4) The Washington area must nurture an entrepreneurial tech culture writes Steven Pearlstein: "Local economic boosters love to remind anyone who will listen that the Washington region boasts the greatest concentration of technical or knowledge workers in the country. The implication, of course, is that we’re right out there on the technological edge alongside Silicon Valley, Austin and Boston. It makes for a wonderful marketing story, but it’s fundamentally misleading. What the numbers don’t tell you is that almost all of this high-tech work is done for the government -- and therein is the problem. For even with this impressive ecosystem of firms, workers and advanced technology, the region hasn’t yet spawned a critical mass of companies providing technology products and services for consumers and private businesses...The reality is that firms and workers that thrive in a government-contracting environment are almost antithetical to the ones developing new apps for the iPhone or even a new database-management system for Macy’s. The customer base, the timelines, the marketing, the skill sets, the way products are priced and employees are paid -- they’re all quite different. As former Lockheed chairman Norm Augustine used to quip, the history of 'diversification' by government contractors is unblemished by success."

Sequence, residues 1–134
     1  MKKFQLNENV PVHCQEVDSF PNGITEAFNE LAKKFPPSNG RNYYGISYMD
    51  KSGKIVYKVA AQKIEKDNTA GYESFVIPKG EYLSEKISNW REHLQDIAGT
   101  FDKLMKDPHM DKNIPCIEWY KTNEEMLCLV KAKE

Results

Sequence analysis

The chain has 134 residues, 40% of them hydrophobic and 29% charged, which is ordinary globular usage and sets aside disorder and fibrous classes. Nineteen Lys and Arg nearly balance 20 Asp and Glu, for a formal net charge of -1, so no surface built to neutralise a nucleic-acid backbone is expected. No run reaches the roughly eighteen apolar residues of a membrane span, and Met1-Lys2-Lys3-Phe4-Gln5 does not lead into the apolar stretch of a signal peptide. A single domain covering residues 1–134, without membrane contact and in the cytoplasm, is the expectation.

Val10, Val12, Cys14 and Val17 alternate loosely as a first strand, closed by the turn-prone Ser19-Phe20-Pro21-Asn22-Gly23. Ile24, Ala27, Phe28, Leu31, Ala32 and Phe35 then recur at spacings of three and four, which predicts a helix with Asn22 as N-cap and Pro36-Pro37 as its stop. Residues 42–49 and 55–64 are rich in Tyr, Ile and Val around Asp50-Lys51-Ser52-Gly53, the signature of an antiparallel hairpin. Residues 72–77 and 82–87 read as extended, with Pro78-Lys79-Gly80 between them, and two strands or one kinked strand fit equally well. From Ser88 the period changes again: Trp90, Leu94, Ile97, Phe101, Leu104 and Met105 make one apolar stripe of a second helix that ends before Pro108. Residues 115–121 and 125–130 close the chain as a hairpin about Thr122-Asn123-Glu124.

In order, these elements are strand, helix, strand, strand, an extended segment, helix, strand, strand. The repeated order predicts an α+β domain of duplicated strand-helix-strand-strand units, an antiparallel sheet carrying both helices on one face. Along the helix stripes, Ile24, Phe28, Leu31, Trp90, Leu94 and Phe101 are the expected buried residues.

5) Confused by Ron Paul's occasional mentions of Austrian economics? Matt Yglesias has you covered :"For starters, it’s important to note that the term has something of a double meaning. The Austrian school originally referred to a set of classical liberal thinkers with diverse interests who came out of the Austro-Hungarian Empire. Many of these thinkers are obscure today, but the most distinguished member of the group, Friedrich Hayek, is anything but. By the same token, an appreciation for Hayek’s work by no means makes you an “Austrian.” Hayek, who died in 1992, won the Nobel Prize, and mainstream economists thoroughly embraced his important work explicating the role of the price system in conveying information. His ideas undergird everything from carbon taxes to wireless spectrum auctions and thoroughly permeate policy throughout the Western world. But 'Austrians' in Paul’s sense refers to something narrower, specifically the thought of Ludwig Von Mises and his student Murray Rothbard. It is a form of capitalism that is even more libertarian and anarchic than that espoused by many libertarians. Rothbard‘s followers, most prominently longtime Paul associate and founder of the Mises Institute Lew Rockwell, have been waging a decades-long war against the Koch brothers and the more mainstream form of libertarianism the Kochs represent.
Manhattan rock interlude: Jeff Buckley plays "So Real" live on WHFS.
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Still to come: The Euro's decline; health reform briefs; a pay raise for federal workers; renewables gain; and a hamster powers a submarine.